Second Embodiment

A shoe sole according to a second embodiment of the present invention has the construction shown in FIG. 6. FIG. 6 is a view showing a subsidiary sole 200 to illustrate critical features of the shoe sole of the second embodiment.

The shoe sole according to the second embodiment of the present invention fundamentally includes a main sole 100, the subsidiary sole 200 and a coupling support 300, in the same manner as that of the first embodiment. However, unlike the first embodiment, the shoe sole according to the second embodiment further includes a protective wall 240, which is provided in the subsidiary sole 200 and surrounds an elastic member 220. It is preferable that the protective wall 240 be formed using polyurethane sponge foam or the like, and that it have approximately 20 to 50 HS (shore hardness). The protective wall 240 extends from an outer edge of an upper surface of a rear outsole 230 upwards to surround the elastic member 220 without impeding the movement of the elastic member 220. Thus, the elastic member 220 is not exposed outside, and is thus not visible from the outside. Furthermore, because the protective wall 240 has predetermined elasticity, it also serves to absorb shocks.

Third Embodiment

FIG. 7 is a plan view of a subsidiary sole 200 to illustrate critical features of a shoe sole, according to a third embodiment of the present invention. FIG. 8 is a side view of the subsidiary sole 200.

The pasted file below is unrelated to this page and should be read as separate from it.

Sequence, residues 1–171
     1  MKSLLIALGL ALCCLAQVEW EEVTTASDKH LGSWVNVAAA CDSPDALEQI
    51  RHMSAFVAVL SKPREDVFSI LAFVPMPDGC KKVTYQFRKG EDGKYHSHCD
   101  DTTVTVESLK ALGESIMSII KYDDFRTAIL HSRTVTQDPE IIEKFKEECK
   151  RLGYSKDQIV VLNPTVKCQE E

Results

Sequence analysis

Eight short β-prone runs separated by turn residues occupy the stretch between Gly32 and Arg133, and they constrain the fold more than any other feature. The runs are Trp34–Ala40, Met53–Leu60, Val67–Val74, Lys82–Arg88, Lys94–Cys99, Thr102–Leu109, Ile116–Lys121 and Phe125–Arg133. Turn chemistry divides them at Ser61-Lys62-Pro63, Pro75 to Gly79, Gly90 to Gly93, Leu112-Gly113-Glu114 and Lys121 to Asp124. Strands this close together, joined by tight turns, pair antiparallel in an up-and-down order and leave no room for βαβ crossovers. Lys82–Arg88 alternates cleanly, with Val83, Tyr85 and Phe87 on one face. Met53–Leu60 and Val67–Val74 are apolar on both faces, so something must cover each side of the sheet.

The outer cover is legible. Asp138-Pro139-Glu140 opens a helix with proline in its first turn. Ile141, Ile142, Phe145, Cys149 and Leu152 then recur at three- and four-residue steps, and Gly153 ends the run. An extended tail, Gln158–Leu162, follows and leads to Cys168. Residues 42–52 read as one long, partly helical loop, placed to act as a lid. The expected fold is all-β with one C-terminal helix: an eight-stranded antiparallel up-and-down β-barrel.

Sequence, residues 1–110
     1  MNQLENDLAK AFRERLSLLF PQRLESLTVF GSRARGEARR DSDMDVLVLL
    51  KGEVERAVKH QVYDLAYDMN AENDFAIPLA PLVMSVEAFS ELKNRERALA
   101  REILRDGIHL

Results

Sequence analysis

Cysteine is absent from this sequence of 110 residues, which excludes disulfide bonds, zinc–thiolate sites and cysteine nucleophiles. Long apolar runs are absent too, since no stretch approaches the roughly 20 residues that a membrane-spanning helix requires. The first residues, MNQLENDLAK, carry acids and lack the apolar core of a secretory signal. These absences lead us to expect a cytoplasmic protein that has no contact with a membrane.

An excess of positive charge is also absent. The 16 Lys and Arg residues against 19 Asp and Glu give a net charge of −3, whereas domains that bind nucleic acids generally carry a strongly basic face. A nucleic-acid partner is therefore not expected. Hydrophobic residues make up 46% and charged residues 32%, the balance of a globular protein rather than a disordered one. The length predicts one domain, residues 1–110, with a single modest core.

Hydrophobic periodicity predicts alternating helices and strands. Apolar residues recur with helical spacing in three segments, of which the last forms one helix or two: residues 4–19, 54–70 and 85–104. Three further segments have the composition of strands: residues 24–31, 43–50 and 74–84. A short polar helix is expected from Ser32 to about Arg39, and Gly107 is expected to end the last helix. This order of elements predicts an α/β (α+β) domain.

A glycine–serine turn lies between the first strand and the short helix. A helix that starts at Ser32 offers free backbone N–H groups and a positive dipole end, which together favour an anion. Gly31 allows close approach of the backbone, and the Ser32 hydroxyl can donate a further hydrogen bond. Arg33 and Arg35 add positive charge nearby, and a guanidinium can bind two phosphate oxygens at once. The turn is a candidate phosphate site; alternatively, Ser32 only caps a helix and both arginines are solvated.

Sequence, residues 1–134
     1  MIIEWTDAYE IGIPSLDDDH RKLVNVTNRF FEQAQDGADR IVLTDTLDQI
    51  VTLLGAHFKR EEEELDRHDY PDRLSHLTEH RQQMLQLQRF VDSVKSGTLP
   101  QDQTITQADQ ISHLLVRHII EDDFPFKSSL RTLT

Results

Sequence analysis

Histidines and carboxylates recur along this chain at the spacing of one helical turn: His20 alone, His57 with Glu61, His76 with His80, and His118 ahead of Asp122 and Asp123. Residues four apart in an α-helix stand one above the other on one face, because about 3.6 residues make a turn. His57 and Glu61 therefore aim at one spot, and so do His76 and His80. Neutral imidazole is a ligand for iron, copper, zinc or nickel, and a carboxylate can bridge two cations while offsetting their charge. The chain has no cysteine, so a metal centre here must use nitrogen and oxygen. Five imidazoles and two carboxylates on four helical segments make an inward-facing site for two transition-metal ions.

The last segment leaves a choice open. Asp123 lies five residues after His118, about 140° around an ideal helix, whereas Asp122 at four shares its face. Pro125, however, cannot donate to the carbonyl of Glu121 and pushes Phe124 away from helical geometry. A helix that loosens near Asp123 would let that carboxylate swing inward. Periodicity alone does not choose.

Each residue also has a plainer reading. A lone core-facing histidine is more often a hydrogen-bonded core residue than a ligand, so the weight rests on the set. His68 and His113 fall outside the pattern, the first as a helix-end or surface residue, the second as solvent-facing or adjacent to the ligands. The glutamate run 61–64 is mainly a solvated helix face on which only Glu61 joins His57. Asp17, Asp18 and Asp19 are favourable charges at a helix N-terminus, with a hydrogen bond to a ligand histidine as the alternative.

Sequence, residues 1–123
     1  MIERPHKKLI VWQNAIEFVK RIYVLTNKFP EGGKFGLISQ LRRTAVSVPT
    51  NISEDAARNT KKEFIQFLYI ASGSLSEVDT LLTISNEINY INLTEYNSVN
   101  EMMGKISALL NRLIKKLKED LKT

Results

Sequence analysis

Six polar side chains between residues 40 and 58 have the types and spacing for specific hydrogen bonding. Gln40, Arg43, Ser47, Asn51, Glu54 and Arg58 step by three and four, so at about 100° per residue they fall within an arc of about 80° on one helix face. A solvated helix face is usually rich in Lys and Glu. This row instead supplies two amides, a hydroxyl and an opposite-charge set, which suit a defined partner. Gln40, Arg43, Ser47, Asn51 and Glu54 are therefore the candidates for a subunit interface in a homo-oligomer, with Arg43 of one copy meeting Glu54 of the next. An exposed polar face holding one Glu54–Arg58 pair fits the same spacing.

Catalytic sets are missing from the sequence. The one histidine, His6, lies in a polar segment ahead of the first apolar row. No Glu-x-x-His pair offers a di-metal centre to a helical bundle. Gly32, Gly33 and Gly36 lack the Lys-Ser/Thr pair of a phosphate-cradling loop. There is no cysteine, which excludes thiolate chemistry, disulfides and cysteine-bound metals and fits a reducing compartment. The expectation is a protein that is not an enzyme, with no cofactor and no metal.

The shoe sole according to a third embodiment of the present invention also includes a main sole 100, the subsidiary sole 200 and the coupling support 300, and is characterized by the subsidiary sole 200. The subsidiary sole 200 of the third embodiment includes a connection member 210, an elastic member 220 and a rear outsole 230, which are arranged in order from the upper end to the lower end. Particularly, unlike other embodiments, four arms 215 protrude outwards from the outer edge of the lower end of the connection member 210 at positions spaced apart from each other by angular intervals of 90. Furthermore, the elastic member 220 may be made of polyurethane sponge foam or the like. In this embodiment, the elastic member 220 is made of polyurethane sponge foam and is formed through injection molding, such that it is integrated with the connection member 210. The polyurethane sponge foam used as the elastic member 220 is sectioned into four sections, and the four sections have different hardnesses. For this, when the elastic member 220 is formed by injection molding, the ratio of constituents of polyurethane sponge foam is appropriately adjusted depending on the section, so that the four sections of the elastic member 220 have different hardnesses. The rear outsole 230 is attached to the lower end of the elastic member 220, in the same manner as that of other embodiments.

As shown in FIG. 9, the elastic member 220, which is made of polyurethane sponge foam and constitutes the subsidiary sole 200, is sectioned into the S section, the MS section, the MH section and the H section. Each section has different hardness. The S section has the lowest hardness, and the hardness of the elastic member 220 is gradually increased from the S section to the H section in a counterclockwise direction.

Hereinafter, the operation of the shoe sole of the present invention used in a shoe for correcting an abnormal gait will be described.